When you walk into a room and find hundreds of lifeless, unblinking eyes staring at you, you feel something shift in your gut. It’s a visceral feeling, and it’s not as simple as “ooooo creepy!” Lisa mentioned that, curating the museum, she has thought a lot about the idea of staring and has come to the conclusion that, in human interaction, staring only occurs in three situations: as an act of intimacy, as an act of aggression, or as the behavior of a crazy person. She’s on to something; having all those motionless eyes bore into you reflexively quickens your pulse and heightens your awareness, an almost biological reaction to a situation where the stakes have been raised.
(Lisa was also adamant that, until a handful of movies and TV shows cast the ventriloquist dummy as a sinister evil-doer, no one ever thought of dummies as creepy. I got the sense that this is the party line among ventriloquists and ventriloquism fans. But I call bullshit. There is something undeniably, fundamentally unsettling about the dead-eyed stare of a dummy. Even Lisa conceded that there’s an uncanny valley thing going on.)
An old chart of pronunciation and breathing exercises for ventriloquists.
12:30 p.m.: Bryan gives me a ride back to the venue, which is the Madison Theater, a former movie theater that has been repurposed as a music venue. There’s a lot of teal paint and chrome and Plexiglas. Our (brilliant) front-of-house engineer Steve Revitte nails the vibe: “It feels like an ‘80s Miami strip club”. After a quick set-up, I venture out with Bryan for some lunch. He takes me across the Ohio River over the John Roebling Bridge, a gorgeous suspension bridge that was a forerunner to the Brooklyn Bridge Roebling designed 30 years after building this one.
We eat in Over-the-Rhine, a beautiful historical neighborhood of the city. Bryan, a Cincinnati native, gives me a quick drive-thru tour—the area is the historic center of Cincinnati’s German-American community and contains the largest amount of intact Italianate architecture in the country. Over a lunch of some excellent pho—for some reason, I always crave broth-y things on tour—we talk about how touring has changed over the years. We come to the (fairly obvious) conclusion that modern musicians are pretty damn prissy. Bryan has been doing a bunch of playing with Bob Weir, guitarist from the Grateful Dead, and we talk about how those guys and that generation used to tour: the Dead’s rider in the 70s was handwritten and consisted of “12 pack of beer, 12 pack of Coke, sandwiches.” Modern band riders are legendary for their length and specificity (though I don’t fault anyone for trying to maintain some degree of comfort and sanity while on the road, and a satisfying rider goes a long way towards that.)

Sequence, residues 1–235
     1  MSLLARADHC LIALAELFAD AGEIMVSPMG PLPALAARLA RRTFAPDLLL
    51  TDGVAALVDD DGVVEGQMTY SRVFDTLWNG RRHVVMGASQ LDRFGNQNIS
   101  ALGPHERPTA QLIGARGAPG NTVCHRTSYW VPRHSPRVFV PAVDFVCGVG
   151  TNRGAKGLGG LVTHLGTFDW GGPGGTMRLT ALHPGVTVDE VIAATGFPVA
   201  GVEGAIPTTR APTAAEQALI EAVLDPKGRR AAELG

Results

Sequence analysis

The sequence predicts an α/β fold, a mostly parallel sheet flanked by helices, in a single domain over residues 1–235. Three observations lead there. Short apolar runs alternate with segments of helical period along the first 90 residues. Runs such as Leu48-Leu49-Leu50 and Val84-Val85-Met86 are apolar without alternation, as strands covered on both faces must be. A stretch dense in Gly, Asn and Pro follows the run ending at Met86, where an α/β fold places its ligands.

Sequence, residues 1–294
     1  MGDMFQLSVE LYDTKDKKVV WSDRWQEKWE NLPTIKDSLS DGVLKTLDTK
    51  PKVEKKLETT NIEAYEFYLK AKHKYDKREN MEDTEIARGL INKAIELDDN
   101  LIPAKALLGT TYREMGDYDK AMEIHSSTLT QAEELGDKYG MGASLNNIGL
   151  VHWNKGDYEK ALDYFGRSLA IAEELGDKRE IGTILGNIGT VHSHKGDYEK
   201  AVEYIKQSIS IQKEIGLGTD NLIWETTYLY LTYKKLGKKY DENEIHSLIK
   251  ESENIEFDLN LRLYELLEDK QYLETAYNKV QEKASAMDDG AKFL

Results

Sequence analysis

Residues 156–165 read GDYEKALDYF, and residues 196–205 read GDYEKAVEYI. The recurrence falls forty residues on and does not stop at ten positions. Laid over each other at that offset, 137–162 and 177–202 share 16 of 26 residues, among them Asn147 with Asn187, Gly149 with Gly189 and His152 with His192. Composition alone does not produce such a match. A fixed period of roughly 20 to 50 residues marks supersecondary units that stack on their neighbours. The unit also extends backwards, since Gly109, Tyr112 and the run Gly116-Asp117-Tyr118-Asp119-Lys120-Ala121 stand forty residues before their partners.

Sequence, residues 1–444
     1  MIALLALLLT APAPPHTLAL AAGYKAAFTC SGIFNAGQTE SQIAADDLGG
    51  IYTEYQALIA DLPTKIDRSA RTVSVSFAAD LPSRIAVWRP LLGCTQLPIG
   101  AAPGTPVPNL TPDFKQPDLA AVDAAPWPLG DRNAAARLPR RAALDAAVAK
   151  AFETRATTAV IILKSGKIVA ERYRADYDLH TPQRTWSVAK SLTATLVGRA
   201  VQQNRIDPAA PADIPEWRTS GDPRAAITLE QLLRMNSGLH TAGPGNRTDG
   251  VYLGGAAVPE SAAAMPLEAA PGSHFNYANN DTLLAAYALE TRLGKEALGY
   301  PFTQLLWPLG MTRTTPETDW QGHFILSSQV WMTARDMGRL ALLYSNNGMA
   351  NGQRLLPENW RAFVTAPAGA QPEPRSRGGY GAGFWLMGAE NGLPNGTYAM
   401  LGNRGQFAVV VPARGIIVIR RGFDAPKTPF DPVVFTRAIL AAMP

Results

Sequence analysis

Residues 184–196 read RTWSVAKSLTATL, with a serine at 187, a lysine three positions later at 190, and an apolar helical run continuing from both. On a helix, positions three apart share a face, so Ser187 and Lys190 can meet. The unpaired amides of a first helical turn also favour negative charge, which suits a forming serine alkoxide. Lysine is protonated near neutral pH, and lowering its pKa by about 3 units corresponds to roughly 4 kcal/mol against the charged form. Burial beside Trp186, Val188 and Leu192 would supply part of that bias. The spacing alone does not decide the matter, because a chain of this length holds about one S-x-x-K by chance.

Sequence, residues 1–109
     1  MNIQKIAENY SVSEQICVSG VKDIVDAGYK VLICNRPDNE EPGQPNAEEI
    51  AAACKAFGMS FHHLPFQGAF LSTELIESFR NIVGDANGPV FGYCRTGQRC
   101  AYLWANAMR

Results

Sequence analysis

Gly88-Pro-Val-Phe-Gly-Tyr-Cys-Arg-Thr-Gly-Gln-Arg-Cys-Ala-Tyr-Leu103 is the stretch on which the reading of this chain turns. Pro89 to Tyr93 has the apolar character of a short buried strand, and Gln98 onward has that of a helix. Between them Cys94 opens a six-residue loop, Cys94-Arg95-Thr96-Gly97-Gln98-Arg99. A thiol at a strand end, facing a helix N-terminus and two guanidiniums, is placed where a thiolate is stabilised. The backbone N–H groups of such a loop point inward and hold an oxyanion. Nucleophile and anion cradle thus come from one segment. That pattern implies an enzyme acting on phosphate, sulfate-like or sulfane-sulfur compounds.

In general, the culture of touring is completely different than it once was. Bryan mentions a line in Phil Lesh’s autobiography that has always stuck with him, in which Lesh mentions that he was “drunk in 1978.” Like, for the whole year. Though I’ve been in bands with people who had substance abuse problems, drugs and booze are not the central part of the touring experience that they once were. Diversions tend to be much more bourgie. These days, for example, coffee obsession is the fad running rampant through the touring world. There was a time when, upon arriving in a new town, everyone would scramble to find the drugs they needed; now, folks will sprint off the bus to find a cup of single-origin pourover. This trend is obviously for the better—touring professionals are undoubtedly healthier and happier today—but I wonder what it would have been like to tour during a wilder, more unbridled era. My tour stories would undoubtedly be crazier.
Band regulations require me to photograph anything guitar-related. This is Branson ventriloquist Jim Barber’s talking guitar named Strum. Also pictured: Wayland Flowers’ famously campy dummy Madame, a mainstay of 70s and 80s Hollywood Squares; and Walter Ego, a dummy that absurdist/queer theater pioneer Charles Ludlam used in his play The Ventriloquist’s Wife.
But who am I to talk. I just spent the morning at a ventriloquism museum. Not exactly Chateau Marmont in the 70s.